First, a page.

Expect pain as well as some bleeding during the process. You might experience more pain with a lip tattoo compared with other areas of the body, such as an arm or leg tattoo.
It can take about two weeks for a new tattoo to heal, so be sure you understand all aftercare techniques before leaving the studio. Since you can’t clean the inside of your mouth with soap, you’ll need an antibacterial mouth rinse.
The first step is to determine precisely what kind of tattoo you’re looking for, and whether you want it on the outside or inside of your lips.
Don’t brush your teeth or drink anything prior to your appointment. You should expect the process to be painful. Tattoo artists don’t use anesthetics, as these can interfere with the process.
Perhaps more importantly, you’ll want to be prepared for any aftercare instructions your artist recommends, including how to keep the tattoo dry the first day and how to clean it properly. Such techniques will prevent infections.
Finding the right tattoo artist, or aesthetician for permanent makeup, is key to minimizing side effects. Ideally, you’ll want to get the procedure done at a studio with a licensed artist.
The tattoo parlor should also be registered within the state they operate, with a valid certificate displayed on site.
You’ll also want to make sure that the artist uses inks meant for tattoos, as well as proper cleaning and disinfecting practices. A reputable artist will wear gloves and use brand-new needles, inks, and trays.
It’s also important to keep in mind that some tattoo artists might be more experienced with tattooing the lip area than others. Before going under the needle, ask your artist about their experience with lip tattoos specifically.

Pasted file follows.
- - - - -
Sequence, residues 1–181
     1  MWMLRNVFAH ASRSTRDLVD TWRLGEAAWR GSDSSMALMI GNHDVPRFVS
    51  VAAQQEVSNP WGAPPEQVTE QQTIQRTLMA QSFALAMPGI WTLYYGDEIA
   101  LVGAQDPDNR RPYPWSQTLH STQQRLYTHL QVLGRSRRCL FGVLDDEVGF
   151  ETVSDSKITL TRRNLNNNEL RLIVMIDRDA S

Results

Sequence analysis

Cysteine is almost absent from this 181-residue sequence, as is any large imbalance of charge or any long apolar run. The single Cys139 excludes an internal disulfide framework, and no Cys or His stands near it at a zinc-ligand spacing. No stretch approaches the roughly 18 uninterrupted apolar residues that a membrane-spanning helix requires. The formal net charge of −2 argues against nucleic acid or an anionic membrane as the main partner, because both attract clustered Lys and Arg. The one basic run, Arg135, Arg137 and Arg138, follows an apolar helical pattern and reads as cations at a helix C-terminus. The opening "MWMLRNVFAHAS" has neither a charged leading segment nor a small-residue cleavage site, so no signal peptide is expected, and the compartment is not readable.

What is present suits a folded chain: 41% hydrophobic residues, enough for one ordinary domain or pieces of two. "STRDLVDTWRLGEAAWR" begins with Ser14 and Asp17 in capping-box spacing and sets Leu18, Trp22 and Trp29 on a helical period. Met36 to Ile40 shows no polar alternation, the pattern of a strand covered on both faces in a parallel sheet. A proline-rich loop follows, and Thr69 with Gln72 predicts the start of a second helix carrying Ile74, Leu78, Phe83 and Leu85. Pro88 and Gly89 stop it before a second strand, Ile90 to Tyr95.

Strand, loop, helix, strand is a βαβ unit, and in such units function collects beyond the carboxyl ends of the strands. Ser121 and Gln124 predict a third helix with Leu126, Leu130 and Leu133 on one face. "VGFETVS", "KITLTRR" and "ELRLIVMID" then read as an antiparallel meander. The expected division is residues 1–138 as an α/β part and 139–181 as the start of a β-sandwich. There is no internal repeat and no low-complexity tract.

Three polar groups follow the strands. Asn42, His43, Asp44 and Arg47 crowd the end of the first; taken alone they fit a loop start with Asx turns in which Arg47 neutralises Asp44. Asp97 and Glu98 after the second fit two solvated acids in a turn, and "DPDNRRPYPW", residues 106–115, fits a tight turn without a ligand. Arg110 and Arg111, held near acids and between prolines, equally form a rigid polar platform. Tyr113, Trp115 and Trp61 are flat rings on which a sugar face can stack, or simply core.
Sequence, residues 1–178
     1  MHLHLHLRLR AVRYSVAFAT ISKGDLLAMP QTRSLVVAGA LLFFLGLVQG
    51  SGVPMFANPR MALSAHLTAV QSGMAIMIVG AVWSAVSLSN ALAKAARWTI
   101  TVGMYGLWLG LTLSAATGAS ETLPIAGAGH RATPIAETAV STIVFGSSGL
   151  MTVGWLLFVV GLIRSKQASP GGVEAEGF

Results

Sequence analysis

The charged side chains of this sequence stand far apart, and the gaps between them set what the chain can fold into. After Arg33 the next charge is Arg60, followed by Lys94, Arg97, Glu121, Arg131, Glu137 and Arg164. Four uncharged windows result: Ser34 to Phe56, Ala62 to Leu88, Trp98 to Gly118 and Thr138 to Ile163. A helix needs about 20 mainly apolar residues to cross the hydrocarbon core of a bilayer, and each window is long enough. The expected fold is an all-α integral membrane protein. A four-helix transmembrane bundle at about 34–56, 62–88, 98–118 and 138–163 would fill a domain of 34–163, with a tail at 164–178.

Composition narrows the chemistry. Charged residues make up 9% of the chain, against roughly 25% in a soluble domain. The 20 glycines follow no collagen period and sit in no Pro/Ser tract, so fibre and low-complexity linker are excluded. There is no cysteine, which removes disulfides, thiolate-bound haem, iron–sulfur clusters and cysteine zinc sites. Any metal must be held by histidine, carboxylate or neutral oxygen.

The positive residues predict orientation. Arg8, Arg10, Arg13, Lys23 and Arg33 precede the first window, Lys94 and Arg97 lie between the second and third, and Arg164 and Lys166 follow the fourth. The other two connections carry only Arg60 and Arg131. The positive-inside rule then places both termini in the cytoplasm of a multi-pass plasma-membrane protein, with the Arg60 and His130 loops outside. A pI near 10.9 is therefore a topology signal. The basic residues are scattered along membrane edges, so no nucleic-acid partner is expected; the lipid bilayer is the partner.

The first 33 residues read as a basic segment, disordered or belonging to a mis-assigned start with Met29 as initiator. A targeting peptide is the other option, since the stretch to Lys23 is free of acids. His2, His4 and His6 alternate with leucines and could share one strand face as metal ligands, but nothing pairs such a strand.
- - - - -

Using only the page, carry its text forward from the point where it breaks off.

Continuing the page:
The artist should also have a portfolio of their work available so that you can determine if you like their techniques and artistry. Simply put, not all professionals who work with permanent ink are qualified to create lip tattoos.
Despite using some of the most vibrant colors around, all tattoo ink eventually fades as your dermis and epidermis heal. The same is true of tattoos done on, around, or inside the lip area.
Tattoos done inside the mouth fade the quickest because they’re always in contact with saliva, food, and drinks.
You can ask your tattoo artist for specific design or color recommendations that could help your ink last a bit longer.
You’ll eventually need a touch-up to keep your lip tattoo looking as it did when you first got inked. Due to the likelihood of fading, you should expect to get a touch-up every few months.
This doesn’t necessarily mean that you’ll need the entire thing done again, though. Depending on how much your tattoo has faded, you may only need touch-ups for certain colors.
You might also consider getting your lips touched up if you want a different color entirely. This is especially common with permanent makeup.
A lip tattoo can be trickier and more painful than tattoos on other parts of your body. But when done by a reputable artist and allowed to heal properly, a lip tattoo can be an effective artistic expression.
If you develop any issues post-tattoo session, be sure to speak with your doctor right away. They can give you tips for resolving an infection before it gets out of hand and leads to scarring.
Report any adverse reactions to tattoo ink to your doctor as well as